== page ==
Abstract and Keywords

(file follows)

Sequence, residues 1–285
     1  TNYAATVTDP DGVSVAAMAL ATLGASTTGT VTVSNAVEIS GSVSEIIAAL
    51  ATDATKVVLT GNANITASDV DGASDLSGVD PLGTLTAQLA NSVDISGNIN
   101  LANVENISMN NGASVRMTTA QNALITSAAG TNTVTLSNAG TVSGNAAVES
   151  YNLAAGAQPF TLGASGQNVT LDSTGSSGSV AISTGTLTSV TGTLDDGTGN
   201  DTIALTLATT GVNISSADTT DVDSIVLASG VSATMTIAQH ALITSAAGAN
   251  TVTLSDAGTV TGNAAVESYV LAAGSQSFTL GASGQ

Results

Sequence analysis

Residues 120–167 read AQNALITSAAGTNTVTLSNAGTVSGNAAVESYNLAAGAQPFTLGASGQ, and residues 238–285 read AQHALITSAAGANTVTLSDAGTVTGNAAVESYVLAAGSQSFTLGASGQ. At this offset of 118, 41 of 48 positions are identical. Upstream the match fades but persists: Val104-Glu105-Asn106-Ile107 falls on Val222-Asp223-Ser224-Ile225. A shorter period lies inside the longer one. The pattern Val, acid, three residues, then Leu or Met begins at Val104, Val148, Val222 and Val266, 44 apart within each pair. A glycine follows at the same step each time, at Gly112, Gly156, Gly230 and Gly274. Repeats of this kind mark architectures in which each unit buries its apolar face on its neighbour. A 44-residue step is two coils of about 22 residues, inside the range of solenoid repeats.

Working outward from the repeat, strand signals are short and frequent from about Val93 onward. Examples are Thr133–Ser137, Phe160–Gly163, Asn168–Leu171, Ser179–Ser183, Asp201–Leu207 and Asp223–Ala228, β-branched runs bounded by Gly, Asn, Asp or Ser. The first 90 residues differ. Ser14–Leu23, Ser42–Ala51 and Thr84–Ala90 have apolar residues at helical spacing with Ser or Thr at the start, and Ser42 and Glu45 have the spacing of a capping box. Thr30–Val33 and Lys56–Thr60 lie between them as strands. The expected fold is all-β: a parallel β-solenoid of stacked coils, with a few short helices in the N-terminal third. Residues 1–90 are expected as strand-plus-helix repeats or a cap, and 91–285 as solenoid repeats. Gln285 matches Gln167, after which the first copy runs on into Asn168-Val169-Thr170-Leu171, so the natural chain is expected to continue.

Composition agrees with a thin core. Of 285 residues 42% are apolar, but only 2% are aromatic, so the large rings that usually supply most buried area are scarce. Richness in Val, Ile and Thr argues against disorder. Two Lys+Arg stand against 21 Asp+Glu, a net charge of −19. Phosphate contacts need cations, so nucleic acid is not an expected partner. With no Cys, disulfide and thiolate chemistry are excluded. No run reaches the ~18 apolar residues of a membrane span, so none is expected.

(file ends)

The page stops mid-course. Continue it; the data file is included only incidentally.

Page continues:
International intervention in Somalia has been characterized by two distinct phases of engagement, between 1992 and 1995 and again from 2002 onwards, which proved both fundamental to the development of the responsibility to protect (R2P) norm, and which generate important lessons for the further development of the norm. This chapter explores both phases of engagement, drawing six key lessons which international engagement in Somalia yield for the R2P norm, and for future international intervention in conflicts characterized by war crimes and the absence of a state and an established governance architecture. While the situation in Somalia is likely to remain complex for some time to come, international engagement in Somalia has both proved key to the development of R2P in the first instance, and demonstrated that in spite of the most extreme obstacles, measures can effectively be taken to contribute to the protection of a civilian population affected by a complex conflict situation, and to support a nascent state to meet its responsibility to protect.
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